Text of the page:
Now we are getting somewhere.  We know what is happening, next step is to determine root cause by identifying offending driver.  At first glance this appears too difficult to read, but for what we are after its relatively straight forward.  Thankfully, poolmon sorts the drivers based on tags and the amount of pages consumed. When drivers in kernel space need memory, they ask the memory manager to assign a page of memory.  There is nothing wrong for systems under load to take memory, but it is important to free that memory when load diminishes.  Some of the key fields are: Memory/Available memory – no problem there, Pool N or nonpaged is maxed out which is our problem, paged pool is fine. Looking at the tags listed, you see a tag/driver called “Tidt”which has consumed 214 MB which is almost all available nonpaged pool where the next highest consuming driver only used 35 MB.  We need to know what developer owns TidT tag?  A few searches on the internet, unfortunately, did not yield any promising clues.  A teammate shared a trick where you can parse all the files in system32 directory to locate a matching tag name. It is common practice that tag names may be in the header of the image file.  This is the command I used:

C:\WINDOWS\system32\drivers>findstr TidT *.*
LhmonProxy.sys:...LhmonIoCompletion...c:\winstaps\v81\tap\win\src\lhmonproxy\ioc
ompletion.c...LhmonProxy.sys..................ï Uï.â.?í$Ç..Sï]?Vïp(3.ëE.ëE°èC!ä.
Wëunt.ïC`ÇH..SF[.  SF.²  SF_.  ï}.à .ä....ìN. ..p..ï.ïw.ë.ëq.ïMnèQ.ä.t.ïw.à÷ïW?ë
U?t. A?d.ïu.è.â.. ..p..à÷.ä....èC$ä.t.èG.ä.u.ïC.à.|?èO.ä.u?à.}_èG.ä.tXSh.O..j.hÆ
...h.P..h(P..h`P..FU...ïE?ïM.â..PSQ .ShpP..j.hö...höP..h¿P..haP..ëE°F#...â..d.ïE
?à.t    j.P .Lp..ïunâ..ï. ..p..ïMn I?è.ï. ..p..WFl...ïE°_^[ïs].?.ïG?à.t j.P .Lp.
.WFJ...ïE°_^[ïs].?...............ï Uï.Vïu?èF!ä.t.ïF`ÇH..VF..  VFìn  VF.n  3.^].?
.................ï Uï.â..í$Ç..SVïp(ì^.Wï.ë]° ..p..ì~.ï7;.êE t!3.ÉïF?;.ë^.t?SP .L
p..ë^?ï6;.usï]°èU ï. ..p.._^[ïs].................ï Uï.SVWï°í$Ç..ïX(F9...ï.à÷tZïM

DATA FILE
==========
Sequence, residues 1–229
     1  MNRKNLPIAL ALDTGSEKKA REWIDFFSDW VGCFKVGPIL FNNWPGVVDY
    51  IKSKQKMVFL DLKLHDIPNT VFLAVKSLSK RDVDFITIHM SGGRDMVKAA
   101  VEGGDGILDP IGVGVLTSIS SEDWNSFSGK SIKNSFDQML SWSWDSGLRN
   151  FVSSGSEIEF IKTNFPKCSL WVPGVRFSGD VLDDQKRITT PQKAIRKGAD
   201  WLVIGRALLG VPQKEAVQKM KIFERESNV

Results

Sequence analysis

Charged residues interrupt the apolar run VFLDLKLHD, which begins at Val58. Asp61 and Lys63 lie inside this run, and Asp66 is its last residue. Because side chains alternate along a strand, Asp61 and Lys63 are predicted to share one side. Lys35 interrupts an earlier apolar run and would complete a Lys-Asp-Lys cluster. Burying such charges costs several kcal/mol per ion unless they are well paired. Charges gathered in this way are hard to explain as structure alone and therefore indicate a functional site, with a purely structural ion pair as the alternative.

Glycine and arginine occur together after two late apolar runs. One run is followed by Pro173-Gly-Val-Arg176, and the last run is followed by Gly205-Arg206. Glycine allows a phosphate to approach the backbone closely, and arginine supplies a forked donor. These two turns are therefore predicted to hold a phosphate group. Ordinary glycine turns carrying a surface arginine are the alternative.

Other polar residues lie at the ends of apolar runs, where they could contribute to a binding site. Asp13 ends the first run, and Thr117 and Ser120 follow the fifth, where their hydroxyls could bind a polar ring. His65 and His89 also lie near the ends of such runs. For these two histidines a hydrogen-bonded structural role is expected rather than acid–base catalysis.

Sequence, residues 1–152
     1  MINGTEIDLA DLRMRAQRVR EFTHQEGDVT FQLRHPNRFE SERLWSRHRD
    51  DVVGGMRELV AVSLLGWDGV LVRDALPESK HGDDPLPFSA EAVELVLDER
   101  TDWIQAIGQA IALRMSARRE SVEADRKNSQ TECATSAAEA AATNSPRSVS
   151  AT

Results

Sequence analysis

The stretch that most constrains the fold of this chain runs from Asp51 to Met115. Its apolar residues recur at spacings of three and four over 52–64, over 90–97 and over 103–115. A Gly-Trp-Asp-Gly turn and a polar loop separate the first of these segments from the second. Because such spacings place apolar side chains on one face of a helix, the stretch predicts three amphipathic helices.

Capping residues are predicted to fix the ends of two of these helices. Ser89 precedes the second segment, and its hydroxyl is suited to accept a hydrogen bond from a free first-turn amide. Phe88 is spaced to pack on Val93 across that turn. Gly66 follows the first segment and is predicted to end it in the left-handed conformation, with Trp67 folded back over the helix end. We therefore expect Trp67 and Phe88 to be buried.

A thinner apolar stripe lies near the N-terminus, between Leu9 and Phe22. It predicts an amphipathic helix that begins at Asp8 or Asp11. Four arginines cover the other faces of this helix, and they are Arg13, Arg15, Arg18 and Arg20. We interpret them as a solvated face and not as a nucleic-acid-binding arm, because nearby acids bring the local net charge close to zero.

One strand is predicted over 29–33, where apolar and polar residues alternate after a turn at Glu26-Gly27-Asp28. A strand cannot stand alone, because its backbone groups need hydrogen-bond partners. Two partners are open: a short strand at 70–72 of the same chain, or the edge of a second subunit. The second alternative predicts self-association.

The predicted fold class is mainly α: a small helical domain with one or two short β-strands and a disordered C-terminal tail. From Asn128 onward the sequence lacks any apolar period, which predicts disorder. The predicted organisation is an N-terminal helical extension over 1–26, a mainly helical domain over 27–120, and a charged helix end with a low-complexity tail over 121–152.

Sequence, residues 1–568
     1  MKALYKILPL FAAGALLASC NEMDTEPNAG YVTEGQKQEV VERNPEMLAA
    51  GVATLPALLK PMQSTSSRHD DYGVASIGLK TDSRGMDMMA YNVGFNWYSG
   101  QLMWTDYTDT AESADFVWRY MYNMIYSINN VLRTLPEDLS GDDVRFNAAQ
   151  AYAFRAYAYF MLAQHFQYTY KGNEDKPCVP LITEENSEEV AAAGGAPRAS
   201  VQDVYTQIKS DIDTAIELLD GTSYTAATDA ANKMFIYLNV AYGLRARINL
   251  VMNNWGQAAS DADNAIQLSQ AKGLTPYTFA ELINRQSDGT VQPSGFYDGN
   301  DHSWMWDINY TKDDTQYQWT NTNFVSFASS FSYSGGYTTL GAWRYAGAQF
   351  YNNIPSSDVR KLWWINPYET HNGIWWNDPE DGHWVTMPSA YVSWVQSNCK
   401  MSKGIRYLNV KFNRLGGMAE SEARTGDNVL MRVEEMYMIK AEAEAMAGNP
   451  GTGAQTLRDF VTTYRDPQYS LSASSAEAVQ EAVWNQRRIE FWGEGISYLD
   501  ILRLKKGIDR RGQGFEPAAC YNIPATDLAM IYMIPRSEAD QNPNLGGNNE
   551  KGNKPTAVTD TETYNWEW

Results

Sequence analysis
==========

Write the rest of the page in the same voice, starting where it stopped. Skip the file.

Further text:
.ïU?èE.ëN.èM.ëV?èU.êN.êF.êV..G..Q..ëw .G.aì{.ï. ..p..ìK.è.ïA.ë.ëF.ë0ëq.ï. ..p.._
^3.[]..._^.....[]................ï Uï.ïM.ïU.ïE.ï@`QïM.RïU.QïM?RQFL   ]..........
ïM.PëH? .tp..]........ï Uï.QVï. ..p..ìw.êE 96t.Sï.Lp..ï.ï.j.ë.Pëq. .96ue[èU 3.ï.
ëG?ëG.ëG.ëG. ..p..^ïs]................ï SWï. ..p..ïN.è.ìF.;.t.ï.ë.ëB.ïF?ï.Hè.ï.ë
F? ..p..ï._[.ïF.ïN.PQj. ..p..è.ï.ï° ..p..ï._[.........ï Vï5(p..Wh`í.. ..dí..3 h@
í..úhí..údí..ë=lí....tí..(...ë=pí....xí..xtCE ..Dí..haá..úHí..úDí..ë=Lí....Tí...
...ë=Pí....Xí..gToI ..Sá..h.í..úFá..úSá..ë=.á.....á..X...ë=.á....°á..TidT ...í..
h í..ú.í..ú.í..ë=?í.....í..P...ë=.í.....í..CidT ..$í..h.á..ú(í..ú$í..ë=,í....4í.
.....ë=0í....8í..gTcA ...á..ë=.á..ë=.á.._ú.á..ú.á.....á..?......á..gTcD^........
......ï W.`í..F.²  .@í..F.²  .aá..F.²  ..í..F.²  . í..F½²  ..á..Fí²  _..........
......ï V.`í..Fp²  à.^t!3.ï.ë

This points us to the lhmonproxy.sys driver written by 3rd party vendor.  The customer, armed with this information, was able to obtain a patch from the vendor to resolve the problem.  I hope this blog is helpful providing a real world example of troubleshooting with poolmon and provides further encouragement to move towards X64 platform.

Comments
  • damn bro.... you're hard core